The new proposal aims to protect the media from political and economic interference, but publishers fear it could hamper their business.
Brussels has proposed a new law to protect deteriorating media freedom and pluralism across Europe, but press publishers say it will have the opposite effect.
The proposal for a European law on media freedom aims to protect newsrooms from interference by political and media moguls and limit the creation of large media conglomerates. The new rules could give media organizations more say in mergers, and media outlets would have to disclose information about their direct and indirect owners.
The Commission's plan for EU legislation is a response to growing threats to media freedom across the bloc. Hungary and Poland have stepped up efforts to control the media amid broader attacks on the rule of law in both countries. The problem is much broader, as journalists in Greece, Slovenia and Malta work under difficult conditions and under pressure from their governments.
"For the first time in EU legislation, we present guarantees for the protection of the editorial independence of mass media," Vice-President of the Commission Vira Yurova said at a press conference on Friday.
The unprecedented move forced press publishers, who had already tried to kill the law during consultations, to take up arms.
"Media regulators can now interfere with a free press, while publishers are alienated from their own publications," said Ilias Conteas, executive director of the European Journal Media Association (of which POLITICO owner Axel Springer is a member) and the European Association of Newspaper Publishers.
"The press has always operated on the basis of the freedom of the publisher to establish its business and to work together with its journalists to bring news and information to the citizens of Europe and the world."
Unlike broadcasting companies, which are overseen by independent media regulators, the press in most EU countries has so far relied on self-regulation in the form of codes of ethics, press and media advice or ombudsmen.
Now the publishing lobby fears that the law could limit their editorial control over their publications. A recently proposed pan-European group of national media regulators is also at the center of their concern: this body, they say, could control their editorial activities.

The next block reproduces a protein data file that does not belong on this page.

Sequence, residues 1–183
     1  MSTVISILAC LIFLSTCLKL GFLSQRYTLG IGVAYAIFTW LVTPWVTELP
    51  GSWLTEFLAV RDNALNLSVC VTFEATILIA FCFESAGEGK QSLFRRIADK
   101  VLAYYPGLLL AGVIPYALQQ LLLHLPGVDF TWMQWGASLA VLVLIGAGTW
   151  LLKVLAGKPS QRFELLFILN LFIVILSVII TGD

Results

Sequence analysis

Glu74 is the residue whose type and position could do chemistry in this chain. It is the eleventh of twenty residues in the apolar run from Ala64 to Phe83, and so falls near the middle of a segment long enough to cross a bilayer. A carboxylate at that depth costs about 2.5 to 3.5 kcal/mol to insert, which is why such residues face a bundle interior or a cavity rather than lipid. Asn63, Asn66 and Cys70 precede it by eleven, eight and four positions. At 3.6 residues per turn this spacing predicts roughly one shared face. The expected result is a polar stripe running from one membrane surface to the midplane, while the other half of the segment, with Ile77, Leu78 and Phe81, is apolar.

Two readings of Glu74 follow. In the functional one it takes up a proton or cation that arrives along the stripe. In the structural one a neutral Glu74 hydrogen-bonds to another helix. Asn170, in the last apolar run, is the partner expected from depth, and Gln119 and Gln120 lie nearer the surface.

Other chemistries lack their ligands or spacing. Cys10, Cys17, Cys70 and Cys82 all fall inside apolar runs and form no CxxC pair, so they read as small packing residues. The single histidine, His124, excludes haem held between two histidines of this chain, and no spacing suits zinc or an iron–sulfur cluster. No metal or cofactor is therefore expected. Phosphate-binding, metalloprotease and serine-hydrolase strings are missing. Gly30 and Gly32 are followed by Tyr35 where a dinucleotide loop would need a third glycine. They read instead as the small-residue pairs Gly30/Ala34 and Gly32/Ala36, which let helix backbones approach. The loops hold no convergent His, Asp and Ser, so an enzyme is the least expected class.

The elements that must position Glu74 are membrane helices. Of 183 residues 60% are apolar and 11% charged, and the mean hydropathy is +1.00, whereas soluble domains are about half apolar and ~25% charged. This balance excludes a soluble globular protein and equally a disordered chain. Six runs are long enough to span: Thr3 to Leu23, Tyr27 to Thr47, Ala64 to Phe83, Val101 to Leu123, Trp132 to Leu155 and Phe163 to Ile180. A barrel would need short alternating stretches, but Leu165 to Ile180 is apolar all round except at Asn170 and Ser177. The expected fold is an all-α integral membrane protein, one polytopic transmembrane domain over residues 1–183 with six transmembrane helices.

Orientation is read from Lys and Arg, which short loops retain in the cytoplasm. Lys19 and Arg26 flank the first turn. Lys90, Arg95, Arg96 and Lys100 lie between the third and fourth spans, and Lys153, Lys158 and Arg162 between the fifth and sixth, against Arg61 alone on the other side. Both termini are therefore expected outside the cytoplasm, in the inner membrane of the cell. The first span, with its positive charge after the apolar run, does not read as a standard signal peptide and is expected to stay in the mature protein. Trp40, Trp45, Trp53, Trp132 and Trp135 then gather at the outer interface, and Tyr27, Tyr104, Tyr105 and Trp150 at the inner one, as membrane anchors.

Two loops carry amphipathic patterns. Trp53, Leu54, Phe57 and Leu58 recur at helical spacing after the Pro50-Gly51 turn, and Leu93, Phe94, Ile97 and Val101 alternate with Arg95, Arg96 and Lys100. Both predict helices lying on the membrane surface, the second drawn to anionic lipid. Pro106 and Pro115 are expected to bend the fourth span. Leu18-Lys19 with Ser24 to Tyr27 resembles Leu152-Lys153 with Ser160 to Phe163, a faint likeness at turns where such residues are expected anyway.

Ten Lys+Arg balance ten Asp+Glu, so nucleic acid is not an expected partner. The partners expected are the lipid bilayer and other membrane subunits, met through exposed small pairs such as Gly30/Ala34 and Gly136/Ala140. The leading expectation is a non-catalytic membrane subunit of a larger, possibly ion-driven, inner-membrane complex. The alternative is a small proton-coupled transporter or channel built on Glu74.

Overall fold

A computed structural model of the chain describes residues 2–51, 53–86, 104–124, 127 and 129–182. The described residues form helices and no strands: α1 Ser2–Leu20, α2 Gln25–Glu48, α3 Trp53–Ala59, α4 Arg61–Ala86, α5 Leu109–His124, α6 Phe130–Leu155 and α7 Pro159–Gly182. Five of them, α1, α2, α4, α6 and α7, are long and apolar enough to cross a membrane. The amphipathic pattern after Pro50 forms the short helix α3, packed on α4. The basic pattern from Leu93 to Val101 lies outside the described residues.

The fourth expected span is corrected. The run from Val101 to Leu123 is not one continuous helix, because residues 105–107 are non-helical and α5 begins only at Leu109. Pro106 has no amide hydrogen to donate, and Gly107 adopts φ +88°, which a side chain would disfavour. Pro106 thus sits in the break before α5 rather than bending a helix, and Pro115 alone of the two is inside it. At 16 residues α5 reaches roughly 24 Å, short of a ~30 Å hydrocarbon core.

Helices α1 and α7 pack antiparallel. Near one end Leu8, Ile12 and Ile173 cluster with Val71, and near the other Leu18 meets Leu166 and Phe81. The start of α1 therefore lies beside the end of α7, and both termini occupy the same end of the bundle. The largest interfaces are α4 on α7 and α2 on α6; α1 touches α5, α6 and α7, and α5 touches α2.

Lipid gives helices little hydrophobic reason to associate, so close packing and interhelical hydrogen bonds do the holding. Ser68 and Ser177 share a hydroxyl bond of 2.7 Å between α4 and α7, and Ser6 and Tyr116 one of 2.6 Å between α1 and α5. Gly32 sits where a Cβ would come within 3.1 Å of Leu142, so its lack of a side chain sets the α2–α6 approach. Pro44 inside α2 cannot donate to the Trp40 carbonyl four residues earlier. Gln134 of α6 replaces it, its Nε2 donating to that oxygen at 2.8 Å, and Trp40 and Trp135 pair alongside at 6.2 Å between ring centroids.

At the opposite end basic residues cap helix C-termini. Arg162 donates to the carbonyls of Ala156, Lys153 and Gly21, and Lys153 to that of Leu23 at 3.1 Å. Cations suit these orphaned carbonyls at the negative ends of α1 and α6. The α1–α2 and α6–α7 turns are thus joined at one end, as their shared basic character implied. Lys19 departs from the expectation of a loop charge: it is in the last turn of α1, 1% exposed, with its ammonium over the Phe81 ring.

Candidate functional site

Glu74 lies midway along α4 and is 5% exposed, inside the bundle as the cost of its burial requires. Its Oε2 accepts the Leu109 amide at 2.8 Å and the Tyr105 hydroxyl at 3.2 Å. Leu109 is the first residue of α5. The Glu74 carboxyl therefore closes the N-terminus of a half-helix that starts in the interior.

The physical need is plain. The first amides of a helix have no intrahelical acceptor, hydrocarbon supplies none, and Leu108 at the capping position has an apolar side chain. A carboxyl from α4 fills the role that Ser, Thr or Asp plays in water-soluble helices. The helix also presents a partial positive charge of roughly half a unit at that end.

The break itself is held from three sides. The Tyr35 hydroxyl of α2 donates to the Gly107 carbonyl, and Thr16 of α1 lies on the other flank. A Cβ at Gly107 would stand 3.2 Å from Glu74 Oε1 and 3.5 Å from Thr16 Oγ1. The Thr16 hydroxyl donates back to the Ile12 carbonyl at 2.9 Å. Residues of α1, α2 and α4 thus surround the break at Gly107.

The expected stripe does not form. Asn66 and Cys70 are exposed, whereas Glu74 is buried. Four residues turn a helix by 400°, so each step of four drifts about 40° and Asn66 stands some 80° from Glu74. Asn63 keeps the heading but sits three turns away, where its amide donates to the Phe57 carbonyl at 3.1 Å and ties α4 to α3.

The commission strongly refuted these arguments, and senior officials argued that, contrary to criticism from publishers, the rules would instead give journalists the best guarantees for making independent editorial decisions.
“For those who say that the EU should not regulate their media space in Europe, we have a message; we believe in the opposite: we need good rules," Yurova said.
Internal Market Commissioner Thierry Breton stressed during a press conference that there was "absolutely no attempt at a power grab" by the Commission.
The European Council will not enforce compliance with proprietary disclosure rules and potential conflicts of interest that may influence editorial decisions. It will also not control the new rules, according to which editors should have the right to make individual choices, said a representative of the Commission. Instead, if the law is passed as it is currently written, the rules could be used in legal disputes in the courts, but they would not be enforced by media regulators.
"What the council will do is [issuing] some non-binding findings when it comes to [media] concentration, where indeed some print media may be involved, but that's really quite different from saying we're subjecting the press to new regulatory bodies ", said the representative of the commission.
The independent group, which has been used by audiovisual regulators in the past to share standards, will primarily advise the Commission, issue opinions, coordinate possible sanctions against foreign-sponsored propaganda in the media and act as a forum for sharing best practices. This body will include 27 EU national bodies in the field of audiovisual mass media.
Press publishers may criticize the law, but journalists and press freedom associations, as well as broadcasting companies, have largely supported the proposal.
Nearly 20 journalism and press freedom associations, including Reporters Without Borders, the European Union for Civil Liberties and the European Federation of Journalists, said the EU bill should go further to protect the media from undue political and commercial interest.
Noel Curran, director general of the European Broadcasting Union, welcomed the Commission's plan to "address the threats facing the entire media sector, alongside its action to protect the rule of law".
The Commission's plan "is not aimed at getting rid of any good practice or undermining a situation that is already able to guarantee media pluralism and independence," said Maria Luisa Stazi, head of digital markets law at the non-profit organization ARTICLE 19. .
For the publishers and the Commission, this is only the beginning of a long battle, as the plan still has to undergo a thorough review by the European Parliament and the Council of the EU, which represent the governments of the member states.